At the beginning of 2018 I went to every creative group online that I’m a member of and asked the same question:
The comments started trickling in throughout the day.
“Not enough time.”
“Lack of focus.”
“Consistency in uploading new content for my channel.”
“No direction, don’t know where to start.”
“I don’t have the tools.”
“My creative partner…”
“Lack of funding.”
Most comments had two things in common: an over-reliance on other people, and not controlling the things that are entirely within their control.
And then there was this one, which popped up over and over again in different variations:
On paper it seems like a solid S.M.A.R.T. goal – it’s Specific, Measurable, Assignable, Realistic, and Time-related.
But it represents a deeper belief that speaks to the problem that all of these different creators are actually struggling with.
The Film Student
Years ago I was running a film production company and got an email from a soon-to-be film school graduate, “looking” for job openings in the industry here in Utah.
I promise you, this is 100% real.
I am genuinely curious if he ever got a job working in film…
Now, we can’t just move on from THAT level of entitlement.
While this is an extreme example, it perfectly captures some of the thoughts that cross all of our minds now and then, and gets us closer to the deeper issue, one of how we see the world.
We all feel, or have felt, qualified for jobs that we didn’t get.
Or that we deserve to earn something from all of the hard work we did to get to a certain point or level of experience.
Despite how egregious this email is, the scary thing is that we can relate.
The Hustler And The Craftsman
The email above, and the previous “1,000 subscribers in 30 days!” comment, reveal a mindset or perspective that limits everything from action, to results, to our interactions with others and our work ethic.
Peruse the internet for just a few minutes and you’ll find plenty of Medium posts, Instagram stories, and YouTube videos about how to hustle your way to success, hack your creativity, and shortcut your way to fame, fortune, and infinite influence.
It’s gross just writing some of that stuff.
I’m going to make some strong statements now, so it’s a good time to bail on this whole thing if you value likes, followers, and “virality” more than hard work, focus, and humility.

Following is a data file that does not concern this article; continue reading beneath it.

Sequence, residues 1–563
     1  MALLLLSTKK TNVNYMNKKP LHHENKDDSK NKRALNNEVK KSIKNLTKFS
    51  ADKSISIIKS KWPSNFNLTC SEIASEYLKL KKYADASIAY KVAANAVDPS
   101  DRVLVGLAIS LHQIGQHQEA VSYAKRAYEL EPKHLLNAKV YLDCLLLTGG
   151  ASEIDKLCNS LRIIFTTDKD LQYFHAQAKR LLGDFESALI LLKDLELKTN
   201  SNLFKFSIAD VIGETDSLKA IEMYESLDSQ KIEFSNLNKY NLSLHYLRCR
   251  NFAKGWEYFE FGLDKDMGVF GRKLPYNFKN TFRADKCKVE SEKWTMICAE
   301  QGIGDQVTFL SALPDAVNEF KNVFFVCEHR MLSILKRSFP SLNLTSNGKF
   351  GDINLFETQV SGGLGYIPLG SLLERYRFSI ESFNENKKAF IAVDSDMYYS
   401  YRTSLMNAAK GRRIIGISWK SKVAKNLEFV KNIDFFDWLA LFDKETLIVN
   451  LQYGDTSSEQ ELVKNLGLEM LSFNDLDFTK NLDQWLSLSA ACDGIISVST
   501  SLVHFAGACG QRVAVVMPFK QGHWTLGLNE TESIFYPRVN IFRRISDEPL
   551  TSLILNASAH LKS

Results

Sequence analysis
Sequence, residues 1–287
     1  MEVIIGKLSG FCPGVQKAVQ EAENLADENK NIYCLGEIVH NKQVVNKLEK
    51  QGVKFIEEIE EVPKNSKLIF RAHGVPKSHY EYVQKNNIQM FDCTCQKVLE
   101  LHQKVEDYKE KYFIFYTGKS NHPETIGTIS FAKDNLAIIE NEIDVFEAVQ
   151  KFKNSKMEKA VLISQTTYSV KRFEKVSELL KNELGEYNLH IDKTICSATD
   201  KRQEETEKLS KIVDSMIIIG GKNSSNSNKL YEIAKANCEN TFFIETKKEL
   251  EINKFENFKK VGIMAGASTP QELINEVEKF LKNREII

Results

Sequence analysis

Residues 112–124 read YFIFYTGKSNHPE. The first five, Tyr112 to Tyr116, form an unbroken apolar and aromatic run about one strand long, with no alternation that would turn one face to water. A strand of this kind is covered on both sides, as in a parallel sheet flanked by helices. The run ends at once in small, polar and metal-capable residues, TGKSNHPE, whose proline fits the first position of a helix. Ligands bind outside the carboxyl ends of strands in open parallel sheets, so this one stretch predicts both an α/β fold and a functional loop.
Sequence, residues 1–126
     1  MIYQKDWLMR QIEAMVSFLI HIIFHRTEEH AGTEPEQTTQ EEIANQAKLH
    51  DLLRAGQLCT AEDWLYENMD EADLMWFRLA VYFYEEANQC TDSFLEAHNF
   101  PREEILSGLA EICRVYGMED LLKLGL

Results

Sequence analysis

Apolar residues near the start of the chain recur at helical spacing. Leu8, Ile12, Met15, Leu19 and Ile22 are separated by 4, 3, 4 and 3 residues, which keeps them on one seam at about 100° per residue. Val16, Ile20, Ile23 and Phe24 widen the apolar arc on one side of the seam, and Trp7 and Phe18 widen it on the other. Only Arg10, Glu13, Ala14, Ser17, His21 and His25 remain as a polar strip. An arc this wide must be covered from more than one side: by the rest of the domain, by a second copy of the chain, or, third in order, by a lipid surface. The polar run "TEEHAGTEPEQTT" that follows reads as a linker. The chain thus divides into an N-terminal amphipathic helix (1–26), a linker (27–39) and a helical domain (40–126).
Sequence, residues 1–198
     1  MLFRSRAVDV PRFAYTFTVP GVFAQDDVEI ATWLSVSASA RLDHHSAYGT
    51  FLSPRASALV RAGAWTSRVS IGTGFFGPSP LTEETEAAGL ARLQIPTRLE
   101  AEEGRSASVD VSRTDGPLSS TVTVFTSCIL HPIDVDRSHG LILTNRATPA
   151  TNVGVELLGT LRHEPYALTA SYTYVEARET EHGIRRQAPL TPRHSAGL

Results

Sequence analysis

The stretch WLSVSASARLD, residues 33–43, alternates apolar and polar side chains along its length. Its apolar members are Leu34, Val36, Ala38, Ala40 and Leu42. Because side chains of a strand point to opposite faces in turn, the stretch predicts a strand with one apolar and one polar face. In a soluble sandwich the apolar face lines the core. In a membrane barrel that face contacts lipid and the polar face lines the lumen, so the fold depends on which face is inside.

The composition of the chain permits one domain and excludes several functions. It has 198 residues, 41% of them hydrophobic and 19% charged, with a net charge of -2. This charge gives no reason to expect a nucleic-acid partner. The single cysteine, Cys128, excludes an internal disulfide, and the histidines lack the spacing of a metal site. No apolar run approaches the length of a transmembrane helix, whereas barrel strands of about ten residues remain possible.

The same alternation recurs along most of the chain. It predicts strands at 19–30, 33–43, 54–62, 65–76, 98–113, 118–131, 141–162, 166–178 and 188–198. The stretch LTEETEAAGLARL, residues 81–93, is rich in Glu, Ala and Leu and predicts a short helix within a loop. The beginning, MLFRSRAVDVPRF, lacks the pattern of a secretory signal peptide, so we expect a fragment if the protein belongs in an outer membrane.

Despite the outward appearance of success, many of the people you see online are just really good at making it look like they’re successful. Most “success” bloggers don’t actually get up at 5am every day, do intermittent fasting, or write 1,000 words before breakfast.
Rather, many of them research keywords and hashtags, run lead-gen ads on FB, optimize their YouTube channel cards, and try to inflate their numbers so they can get better visibility from advertisers.
The focus is in the wrong place.
Where are you, the “fan”, in that scenario?
You’re a number. A statistic. You represent revenue, or views, or likes. You’re not an individual, you’re part of an audience.
I’m going to call this mindset that of The Hustler, someone who values “what’s in it for them” above all else.
Their actions reveal their values.
Their time is spent building up themselves, their brand, their social media following, their reach.
It’s a shallow pursuit, spread far and wide but only a few inches deep.
They jump from one idea to the next, one network to the next, one person to the next, in search for whatever it is they want.
Yet, they have no idea what they actually want.
Why do they want more followers?
Why do they want more views?
What purpose does it serve than to get more money and more celebrity?
A creator or artist with this hustler mindset will do anything to reach these “goals” (“1,000 subscribers in the next 30 days!”)
They feel that by hitting some arbitrary number by some arbitrary date that it will magically give them what they are after.
Again, there’s a deeper problem: they have no idea what they want.
When you don’t know what you want, it’s impossible to focus, because you have no target, no path, no process. You have to try everything because you don’t know what will give you the thing that will satisfy that need, that deep desire that resides in every artist and creator.
Just a few months ago I stumbled across this incredible video of a man, by himself, out in the woods, building a log cabin by hand.
What in the world does a log cabin have to do with being a creator?
The mindset of a craftsman is completely opposite from that of a hustler. Nowhere in this video do you see shortcuts, or lack of focus, or being driven by external motivations like followers, views, or ad dollars.
The man had a single goal (build a cabin for him and his dog.)
He had a method (hand tools only.)
He had focus and discipline.
He just happened to have the foresight to film a time lapse of the process because he knew there would be people like me that would value watching the process and get inspired by it.
On the next page, I’m going to go deeper into the craftsman mindset for those who want to see how it applies to our desires to become full-time creators.